Non-invasive brain stimulation, combined with cognitive training, can significantly improve symptoms of attention deficit hyperactivity disorder (ADHD) in children, according to new research conducted jointly by the University of Surrey in the UK, Assuta-Ashdod University Medical Center and the Hebrew University of Jerusalem ( HU).
ADHD is a brain disorder that affects people’s attention, activity and impulsivity. Around 5.2% of children worldwide have the condition, which usually presents in children who struggle with focus, memory and self-control.
In a clinical trial involving 23 children (ages six to 12) with ADHD who were not receiving medication for it, researchers set out to find out whether a new form of brain stimulation during cognitive training using a mild electrical current of the brain through two electrodes can improve their symptoms.
The study will soon be published in the journal Translational psychiatry.
After a two-week program of brain stimulation, the researchers found that 55% of children showed significant clinical improvements in ADHD symptoms as reported by their parents. This was compared to 17% in the control group who received placebo brain stimulation during cognitive training.
The study also found that these improvements were maintained for at least three weeks after the end of treatment, with 64 percent reporting clinically meaningful responses to the treatments. This was compared to 33% in the control group.
What the researchers in the study had to say
Dr. Mor Nahum, head of HU’s Computerized Neurotherapy Laboratory, who co-led the study, said that “this is an important first step in providing new therapeutic options for ADHD. Future studies with larger and more varied samples should help establish this as a viable therapy for ADHD and help us understand the underlying mechanisms of the disorder.”
Cognitive neuroscience Prof. Roi Cohen Kadosh, who also led the research and is head of the School of Psychology at the University of Surrey, said: “I believe the scientific community is committed to researching and developing increasingly effective and longer-lasting treatments for ADHD. Our results suggest that a combination of transcranial direct current stimulation (tRNS), which is safe with minimal side effects, has the potential to transform the lives of children and their families.”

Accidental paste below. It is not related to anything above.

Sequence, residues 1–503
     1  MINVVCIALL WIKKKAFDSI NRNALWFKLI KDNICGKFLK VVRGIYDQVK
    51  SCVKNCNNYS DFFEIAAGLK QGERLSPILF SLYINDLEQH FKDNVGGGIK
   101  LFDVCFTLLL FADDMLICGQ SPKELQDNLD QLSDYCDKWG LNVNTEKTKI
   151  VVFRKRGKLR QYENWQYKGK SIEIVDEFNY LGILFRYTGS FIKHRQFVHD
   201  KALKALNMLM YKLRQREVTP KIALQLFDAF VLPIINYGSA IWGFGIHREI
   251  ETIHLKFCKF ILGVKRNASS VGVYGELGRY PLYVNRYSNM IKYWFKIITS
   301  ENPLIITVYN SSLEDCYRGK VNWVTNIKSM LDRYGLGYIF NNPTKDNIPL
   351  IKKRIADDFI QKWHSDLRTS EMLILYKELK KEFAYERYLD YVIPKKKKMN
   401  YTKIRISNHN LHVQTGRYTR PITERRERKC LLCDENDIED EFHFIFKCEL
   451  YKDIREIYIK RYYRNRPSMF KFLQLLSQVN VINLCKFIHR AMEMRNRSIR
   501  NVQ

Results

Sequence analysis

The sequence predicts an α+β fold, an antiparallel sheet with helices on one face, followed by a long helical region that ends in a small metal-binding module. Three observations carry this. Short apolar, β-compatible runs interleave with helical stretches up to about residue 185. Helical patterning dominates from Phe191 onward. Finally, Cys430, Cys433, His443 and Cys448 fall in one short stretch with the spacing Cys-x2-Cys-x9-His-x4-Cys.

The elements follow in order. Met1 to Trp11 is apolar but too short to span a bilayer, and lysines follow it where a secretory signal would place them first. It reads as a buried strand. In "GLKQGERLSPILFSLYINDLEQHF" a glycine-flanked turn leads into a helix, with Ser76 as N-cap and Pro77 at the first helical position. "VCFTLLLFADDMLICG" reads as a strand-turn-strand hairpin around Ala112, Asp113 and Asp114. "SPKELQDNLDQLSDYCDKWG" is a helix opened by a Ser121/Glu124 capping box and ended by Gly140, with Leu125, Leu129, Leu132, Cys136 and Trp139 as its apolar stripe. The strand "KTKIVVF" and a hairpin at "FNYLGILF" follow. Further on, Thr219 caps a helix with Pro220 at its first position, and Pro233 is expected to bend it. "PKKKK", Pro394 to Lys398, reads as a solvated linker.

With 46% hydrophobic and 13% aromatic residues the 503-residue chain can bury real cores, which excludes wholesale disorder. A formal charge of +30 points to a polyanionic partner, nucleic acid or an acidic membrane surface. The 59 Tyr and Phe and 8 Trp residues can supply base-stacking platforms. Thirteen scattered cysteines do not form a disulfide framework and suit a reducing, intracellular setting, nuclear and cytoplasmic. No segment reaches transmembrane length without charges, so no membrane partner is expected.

“The results of this proof-of-concept study, together with previous results obtained with tRNS, increase our confidence that in the future non-invasive brain stimulation may be able to provide an alternative to medication as a treatment pathway for children,” said authors. “However, our important test will be the results of a multicenter, clinical trial with a larger sample that we will start soon. If successful, this approach will be approved as a medical device for ADHD by the US Food and Drug Administration (FDA).
After the treatment, the research team also noticed changes in the electrical activity patterns of the children’s brains, which persisted even at the 3-week follow-up.
Prof. Itai Berger, also the leader of the study, who was head of the pediatric neurology unit at Hadassah-University Medical Center and is currently at Assuta-Ashdod University Medical Center, said that “if the results are repeated in future larger studies, we will be in able to offer a new, promising non-invasive and safe treatment to a large number of children and their families, not only in the field of ADHD, but also for other neurodevelopmental disorders.” Ornella Dakwar-Kawar, a post-doctoral researcher from HU, explained that “ADHD is one of the most common neurodevelopmental disorders affecting children. While treating the condition with medication improves a child’s attention and overall mood, it causes in some cases, side effects, including headache and loss of appetite.There is therefore an urgent need to develop and test new, non-pharmacological interventions for ADHD.Results from the current proof-of-concept study provide preliminary direction towards a new intervention in pediatric ADHD.”
“ADHD is one of the most common neurodevelopmental disorders affecting children. While treating the condition with medication improves a child’s attention and overall mood, in some cases it causes side effects, including headaches and loss of appetite.”